With Notre Dame off Saturday for its only bye week of the season, there are a handful of games worth keeping an eye on with the Irish playoff push re-starting on Halloween at Temple:
Focus on: Pittsburgh at Syracuse (11 a.m. CT, ESPNU)
Pat Narduzzi’s Panthers — and Notre Dame’s Week 9 opponent — are 5-1, with that only loss coming on a walk-off field goal at Iowa. Syracuse by no means is a difficult test — the Orange are on a three-game losing streak, including defeats to South Florida and Virginia — but Pitt is ranked in the AP top 25 for the first time since the 2010 preseason, the final year of the Dave Wannstedt era. Let’s see how this group, specifically an offense that’s so far covered for the loss of star running back James Conner, responds at the Carrier Dome.
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Other future opponent scouting: N.C. State at Wake Forest (11 a.m CT, ESPN3), Boston College at Louisville (11:30 a.m. CT, ESPN3)
The two worst offenses Notre Dame has left — and maybe on its entire 2015 schedule — both play in the first block of games Saturday, and unless you’re into three-and-outs, maybe just check the box scores on these.
Commercial break viewing: Clemson at Miami (11 a.m. CT, ABC)
Miami is 4-2 and isn’t the program it once was, but sophomore quarterback Brad Kaaya could be good enough to make this game interesting if Clemson struggles offensively — which the Tigers did in their only other road game, a narrow three-point win at Louisville in September.
Focus on: Duke at Virginia Tech (2:30 p.m. CT, ESPNU)
This is a pretty weak slate of afternoon games, so if you’re going to get out of the house, the timeframe between the early and evening games is a good time. If Pitt knocks off Syracuse, though, keep an eye on Duke-Virginia Tech — if Duke loses, it’ll give Pitt some margin for error in the ACC Coastal. Still, Nov. 14’s Duke-Pitt game at Heinz Field will probably determine who plays Clemson/Florida State in the ACC Championship.
Commercial break viewing: UConn at Cincinnati (3:30 p.m. CT, CBS Sports Network)
Old friend Bob Diaco needs to work some magic to get 3-4 UConn eligible for a bowl this year, and beating Brian Kelly’s old team would be a good start.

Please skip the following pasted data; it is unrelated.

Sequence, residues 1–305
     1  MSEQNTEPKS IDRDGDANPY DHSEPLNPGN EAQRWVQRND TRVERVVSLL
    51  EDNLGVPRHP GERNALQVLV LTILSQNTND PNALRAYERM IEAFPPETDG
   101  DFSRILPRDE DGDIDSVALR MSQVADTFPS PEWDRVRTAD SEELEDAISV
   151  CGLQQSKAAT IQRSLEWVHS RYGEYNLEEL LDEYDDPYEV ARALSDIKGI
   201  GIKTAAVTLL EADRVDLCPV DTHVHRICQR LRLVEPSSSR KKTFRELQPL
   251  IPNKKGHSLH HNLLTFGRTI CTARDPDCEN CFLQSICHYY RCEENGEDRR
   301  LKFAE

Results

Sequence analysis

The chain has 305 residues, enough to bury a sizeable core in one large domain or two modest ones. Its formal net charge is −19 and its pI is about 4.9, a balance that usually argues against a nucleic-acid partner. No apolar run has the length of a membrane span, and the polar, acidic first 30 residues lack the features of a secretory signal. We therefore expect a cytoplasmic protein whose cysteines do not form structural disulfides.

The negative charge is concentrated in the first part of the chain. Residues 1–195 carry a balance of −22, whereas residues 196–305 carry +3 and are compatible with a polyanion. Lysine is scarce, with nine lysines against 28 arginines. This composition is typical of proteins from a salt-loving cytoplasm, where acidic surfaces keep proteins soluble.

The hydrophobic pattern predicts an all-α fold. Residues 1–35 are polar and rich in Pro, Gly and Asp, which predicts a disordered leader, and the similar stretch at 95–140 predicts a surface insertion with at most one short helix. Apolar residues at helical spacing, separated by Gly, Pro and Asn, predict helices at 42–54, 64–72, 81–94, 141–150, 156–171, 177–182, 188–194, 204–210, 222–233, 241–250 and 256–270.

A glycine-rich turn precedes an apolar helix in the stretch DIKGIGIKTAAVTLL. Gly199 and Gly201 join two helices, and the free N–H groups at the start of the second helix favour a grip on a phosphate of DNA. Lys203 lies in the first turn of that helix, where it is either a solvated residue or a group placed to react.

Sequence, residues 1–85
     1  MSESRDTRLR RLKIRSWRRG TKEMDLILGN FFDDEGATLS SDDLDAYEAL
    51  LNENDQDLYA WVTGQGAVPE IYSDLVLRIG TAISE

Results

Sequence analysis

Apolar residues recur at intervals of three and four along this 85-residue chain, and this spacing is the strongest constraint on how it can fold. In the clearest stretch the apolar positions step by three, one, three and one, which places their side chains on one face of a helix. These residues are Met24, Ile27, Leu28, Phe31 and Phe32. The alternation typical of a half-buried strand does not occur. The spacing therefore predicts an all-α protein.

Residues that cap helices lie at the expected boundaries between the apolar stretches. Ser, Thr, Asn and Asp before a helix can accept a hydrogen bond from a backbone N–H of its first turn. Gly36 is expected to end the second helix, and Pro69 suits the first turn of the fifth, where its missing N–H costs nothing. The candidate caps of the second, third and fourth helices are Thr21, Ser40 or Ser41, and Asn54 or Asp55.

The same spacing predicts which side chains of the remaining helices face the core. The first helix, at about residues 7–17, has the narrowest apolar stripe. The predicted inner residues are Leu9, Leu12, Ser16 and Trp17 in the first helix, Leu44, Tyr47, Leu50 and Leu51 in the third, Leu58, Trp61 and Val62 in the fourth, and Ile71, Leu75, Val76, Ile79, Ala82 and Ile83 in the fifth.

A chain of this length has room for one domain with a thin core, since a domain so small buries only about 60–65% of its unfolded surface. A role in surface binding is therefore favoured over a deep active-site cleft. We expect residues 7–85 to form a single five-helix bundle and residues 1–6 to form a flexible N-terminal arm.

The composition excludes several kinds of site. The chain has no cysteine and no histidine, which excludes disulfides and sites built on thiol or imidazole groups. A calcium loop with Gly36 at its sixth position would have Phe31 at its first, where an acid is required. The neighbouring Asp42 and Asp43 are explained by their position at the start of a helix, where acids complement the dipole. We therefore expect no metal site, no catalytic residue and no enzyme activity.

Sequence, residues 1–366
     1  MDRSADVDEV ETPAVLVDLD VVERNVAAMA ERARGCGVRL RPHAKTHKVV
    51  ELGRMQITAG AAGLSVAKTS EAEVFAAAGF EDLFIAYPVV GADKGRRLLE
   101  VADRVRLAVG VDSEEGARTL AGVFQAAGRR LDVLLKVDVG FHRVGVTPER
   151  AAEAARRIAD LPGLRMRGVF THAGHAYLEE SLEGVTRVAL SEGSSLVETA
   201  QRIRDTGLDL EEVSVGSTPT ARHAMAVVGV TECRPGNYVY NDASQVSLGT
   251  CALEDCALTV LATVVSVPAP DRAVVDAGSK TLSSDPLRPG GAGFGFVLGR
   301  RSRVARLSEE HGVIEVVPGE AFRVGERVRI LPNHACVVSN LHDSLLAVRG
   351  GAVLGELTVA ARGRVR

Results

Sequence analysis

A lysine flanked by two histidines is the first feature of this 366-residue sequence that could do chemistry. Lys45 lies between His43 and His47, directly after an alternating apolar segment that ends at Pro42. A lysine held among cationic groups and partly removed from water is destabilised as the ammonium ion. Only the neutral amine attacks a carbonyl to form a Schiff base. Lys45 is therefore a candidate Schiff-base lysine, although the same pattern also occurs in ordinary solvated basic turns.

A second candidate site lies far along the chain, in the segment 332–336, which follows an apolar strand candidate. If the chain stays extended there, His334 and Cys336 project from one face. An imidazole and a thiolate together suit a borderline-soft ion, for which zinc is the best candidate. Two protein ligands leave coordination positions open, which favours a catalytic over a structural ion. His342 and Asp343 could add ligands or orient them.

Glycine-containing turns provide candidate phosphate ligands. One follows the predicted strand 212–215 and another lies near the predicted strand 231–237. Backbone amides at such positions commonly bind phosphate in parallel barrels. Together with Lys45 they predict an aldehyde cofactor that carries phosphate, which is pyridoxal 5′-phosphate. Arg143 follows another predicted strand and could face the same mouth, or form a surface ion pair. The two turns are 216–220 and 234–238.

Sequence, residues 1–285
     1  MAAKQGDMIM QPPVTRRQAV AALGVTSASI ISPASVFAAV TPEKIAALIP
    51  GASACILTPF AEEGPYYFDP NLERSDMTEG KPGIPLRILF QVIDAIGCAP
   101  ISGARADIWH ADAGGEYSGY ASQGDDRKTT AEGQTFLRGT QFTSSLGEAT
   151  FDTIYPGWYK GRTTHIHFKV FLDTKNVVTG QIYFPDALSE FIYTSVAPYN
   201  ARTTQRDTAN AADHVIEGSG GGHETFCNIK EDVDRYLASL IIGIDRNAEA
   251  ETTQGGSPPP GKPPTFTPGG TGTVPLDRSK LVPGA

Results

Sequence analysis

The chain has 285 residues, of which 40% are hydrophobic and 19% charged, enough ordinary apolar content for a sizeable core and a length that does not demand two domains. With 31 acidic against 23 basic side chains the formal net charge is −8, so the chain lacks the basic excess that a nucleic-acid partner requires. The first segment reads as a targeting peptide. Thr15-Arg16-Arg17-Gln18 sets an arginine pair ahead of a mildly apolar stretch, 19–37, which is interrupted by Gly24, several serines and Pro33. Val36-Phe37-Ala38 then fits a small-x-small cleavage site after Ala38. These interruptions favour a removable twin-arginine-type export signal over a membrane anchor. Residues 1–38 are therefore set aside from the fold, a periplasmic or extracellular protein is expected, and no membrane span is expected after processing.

Focus on: Utah at USC (6:30 p.m. CT, Fox)
Interestingly enough, Utah is a three-point underdog despite being undefeated and a legitimate playoff contender and USC having three losses. That’s a nod to how unimpressive Utah has looked lately and all the big-time talent on USC, and if the Trojans do win, it could spark some important chaos in the Pac-12 that would very much benefit Notre Dame.
Commercial break viewing: Western Kentucky at LSU (6:00 p.m. CT, ESPNU)
Worth noting: Western Kentucky is 6-1 and ranks No. 25 in F/+, while LSU is No. 8. There’s no reason for a team with Leonard Fournette to not beat up on a Group of Five side, but if LSU doesn’t take this game seriously, things could get hairy in Baton Rouge.
Focus on: Washington at Stanford (9:30 p.m. CT, ESPN)
Since that inexplicable season-opening loss at Northwestern (note to Stanford, don't play games that kick off at 9 a.m. PT), the Cardinal have played like one of the four best teams in the country. Christian McCaffrey has barged into the discussion as one of the nation's top running backs, and it's opened up the passing game for Kevin Hogan to operate with solid efficiency. The battle between Stanford's stout offensive line and Washington's disruptive defensive line should be fun to watch, though expect Stanford to win it and cruise past the Huskies.
There's not much else on in the final block of games, so we'll just leave this at the Washington-Stanford game.
The best-case scenario for Notre Dame is Utah loses to USC (or to someone else later in the regular season) and Stanford wins out until its Nov. 28 home date against the Irish. If Notre Dame wins that, and then a two-loss Stanford beats Utah in the Pac-12 Championship, it'd give the Irish the edge for a College Football Playoff spot over the Pac-12. One more conference would still have to be eliminated from the playoff discussion, but given the usual level of November chaos seen in the sport, the door looks open for Notre Dame to reach the four-team tournament provided it wins out.